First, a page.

The word “community,” is in itself a challenge. Almost every program with which I’ve been associated has referred to itself as a community, if it hasn’t reached further to use the word “family”—and none of those schools, prior to my time at LAPP, included parent participation in the classroom. Many good non-participatory programs do, in fact, foster community amongst the families of their students, yet often it is a narrow community, united along a slender band of shared experience at school functions and fundraisers and little more. One of the most wonderful differences in the co-op experience, as I see it, is that parents truly know their children’s friends and classmates. When you talk with another member about your child’s current excitement or challenge, that person has observed, conversed with, and sometimes applied Band-Aids to the child you are discussing. He or she can discuss your son or daughter as an individual and can expect the same level of awareness from you. This is something which is to be expected from a teacher in the classroom, but there is a tremendous added richness to an environment in which an additional 20 adults are watching each new development. No single teacher, however dedicated, can see every moment of every student’s day. Cumulatively, however, in a setting with four or more interested adults, a majority of activities and interactions are observed and noted. A parent at a preschool information night a couple of years ago responded to this idea by pointing out that most of those observers aren’t trained professionals in early childhood development, which of course is true. However, they are practiced parents, and they are there because they are truly interested in children and their development. That interest and experience is an invaluable boon.

Obviously, no experience is limited to only positive moments, and parent-participation preschools are no exception. Keeping the program going requires a tremendous amount of creativity, dedication, flexibility and sheer hard work from each member. Sometimes even the most laboriously hammered-out compromise doesn’t feel right to everyone. Sometimes the idea of community seems hopelessly idealistic in the light of one more required meeting, one more tense discussion, one more difficulty to surmount. Yet it is genuinely true that through those joint struggles, as well as the shared joy of playing and singing and creating with the children, we create the bonds which can unite us. Our families can make a difference in the lives of other families, because we have worked together to reach common goals. Because our program is truly operated by  parents, we can be more responsive to the needs and desires of each group of families, year by year. As parents participate in the Board, choose and prepare curriculum projects and represent the program at community events, they become more informed and articulate advocates for educational opportunities not only for their own children, but for those in the larger community as well.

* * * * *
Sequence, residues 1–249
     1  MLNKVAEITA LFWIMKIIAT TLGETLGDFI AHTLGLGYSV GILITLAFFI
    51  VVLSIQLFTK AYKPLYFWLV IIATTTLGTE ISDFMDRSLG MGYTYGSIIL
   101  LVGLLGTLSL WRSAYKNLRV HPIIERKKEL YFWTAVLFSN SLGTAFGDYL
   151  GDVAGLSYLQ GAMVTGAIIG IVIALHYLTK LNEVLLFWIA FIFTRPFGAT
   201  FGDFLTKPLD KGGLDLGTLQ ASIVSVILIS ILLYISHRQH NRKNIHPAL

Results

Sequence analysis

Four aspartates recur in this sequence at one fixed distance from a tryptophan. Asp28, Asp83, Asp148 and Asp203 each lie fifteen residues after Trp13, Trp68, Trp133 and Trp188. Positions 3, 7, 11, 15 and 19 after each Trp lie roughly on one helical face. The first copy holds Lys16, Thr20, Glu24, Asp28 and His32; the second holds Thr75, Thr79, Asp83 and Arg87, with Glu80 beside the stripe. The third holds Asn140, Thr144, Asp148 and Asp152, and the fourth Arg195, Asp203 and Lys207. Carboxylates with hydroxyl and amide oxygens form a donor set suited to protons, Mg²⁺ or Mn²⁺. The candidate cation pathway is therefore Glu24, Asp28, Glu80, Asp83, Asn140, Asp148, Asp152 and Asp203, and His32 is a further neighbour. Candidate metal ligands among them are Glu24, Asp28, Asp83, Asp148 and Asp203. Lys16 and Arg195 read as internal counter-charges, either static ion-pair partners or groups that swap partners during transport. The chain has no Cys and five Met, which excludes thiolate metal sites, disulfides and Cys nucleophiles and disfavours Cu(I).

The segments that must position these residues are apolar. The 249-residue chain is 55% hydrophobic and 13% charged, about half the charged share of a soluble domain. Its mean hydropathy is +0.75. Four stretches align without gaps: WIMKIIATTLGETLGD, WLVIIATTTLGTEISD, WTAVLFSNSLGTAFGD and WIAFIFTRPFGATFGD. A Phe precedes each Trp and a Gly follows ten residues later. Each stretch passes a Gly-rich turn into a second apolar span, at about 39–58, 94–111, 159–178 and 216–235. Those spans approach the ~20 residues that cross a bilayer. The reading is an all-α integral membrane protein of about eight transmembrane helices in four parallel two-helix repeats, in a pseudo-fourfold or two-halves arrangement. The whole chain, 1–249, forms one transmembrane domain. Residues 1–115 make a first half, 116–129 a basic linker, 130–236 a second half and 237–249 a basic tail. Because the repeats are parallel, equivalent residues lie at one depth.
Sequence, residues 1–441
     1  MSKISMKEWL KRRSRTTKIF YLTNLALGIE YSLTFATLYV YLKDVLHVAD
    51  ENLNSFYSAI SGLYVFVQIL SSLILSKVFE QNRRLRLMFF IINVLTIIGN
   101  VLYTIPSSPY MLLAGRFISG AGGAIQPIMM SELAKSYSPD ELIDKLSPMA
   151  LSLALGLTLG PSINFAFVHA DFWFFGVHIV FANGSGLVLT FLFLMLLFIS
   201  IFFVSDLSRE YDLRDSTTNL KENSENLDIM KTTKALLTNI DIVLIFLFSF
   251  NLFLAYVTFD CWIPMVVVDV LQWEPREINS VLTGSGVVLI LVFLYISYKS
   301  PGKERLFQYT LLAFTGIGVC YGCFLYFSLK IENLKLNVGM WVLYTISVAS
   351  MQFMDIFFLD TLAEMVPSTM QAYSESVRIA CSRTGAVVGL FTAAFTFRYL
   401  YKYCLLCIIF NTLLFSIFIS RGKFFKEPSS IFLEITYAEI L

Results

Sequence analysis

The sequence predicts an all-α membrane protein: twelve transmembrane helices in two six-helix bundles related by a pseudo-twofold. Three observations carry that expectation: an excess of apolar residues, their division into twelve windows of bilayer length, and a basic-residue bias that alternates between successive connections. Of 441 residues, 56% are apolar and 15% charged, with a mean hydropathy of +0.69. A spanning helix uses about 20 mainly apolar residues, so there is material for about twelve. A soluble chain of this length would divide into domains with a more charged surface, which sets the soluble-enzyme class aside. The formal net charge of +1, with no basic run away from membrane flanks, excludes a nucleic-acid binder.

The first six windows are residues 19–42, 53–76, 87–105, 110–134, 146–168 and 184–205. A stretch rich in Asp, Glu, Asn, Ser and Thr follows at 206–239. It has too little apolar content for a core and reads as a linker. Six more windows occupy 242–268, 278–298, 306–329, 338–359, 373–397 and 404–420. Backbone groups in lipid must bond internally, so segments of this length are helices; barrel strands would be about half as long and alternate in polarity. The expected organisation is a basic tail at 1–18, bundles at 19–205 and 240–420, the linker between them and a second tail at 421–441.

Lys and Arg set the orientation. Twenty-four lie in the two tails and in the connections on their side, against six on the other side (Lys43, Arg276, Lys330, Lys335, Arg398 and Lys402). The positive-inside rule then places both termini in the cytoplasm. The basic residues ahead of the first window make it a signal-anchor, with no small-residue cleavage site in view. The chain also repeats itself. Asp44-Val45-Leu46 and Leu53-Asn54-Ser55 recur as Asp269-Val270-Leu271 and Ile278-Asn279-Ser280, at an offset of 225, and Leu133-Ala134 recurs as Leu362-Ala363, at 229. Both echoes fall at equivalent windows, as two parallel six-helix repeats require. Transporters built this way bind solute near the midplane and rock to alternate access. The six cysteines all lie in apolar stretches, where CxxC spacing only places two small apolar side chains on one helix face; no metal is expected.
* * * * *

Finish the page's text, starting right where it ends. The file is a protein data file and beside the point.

I believe that to truly experience the meaning of “community”, we have to speak as well as to listen; to ask for help as well as to offer it. There is sustenance in offering understanding to someone whose child is going through a difficult time, to listening to the problems concerned in a move, a birth, a job-change. Equally, when we share our difficulties, we are offering others the opportunity to reach out and give support. Parenting often seems like a delicate balance between adult and child, with roles and expectations shifting day by day. Perhaps this balance is also to be found in our relationship to our larger community, if we find the energy and commitment to continue to look for it. In joining a co-op, each of you has made a commitment to your child. Your time and dedication indicate more strongly than any words that your child is fundamental to you, and that education is a priority for your family. I hope that each of you will also take with you, when you leave LAPP, a network of people with similar goals and priorities, who can continue to help with the challenges that will arrive.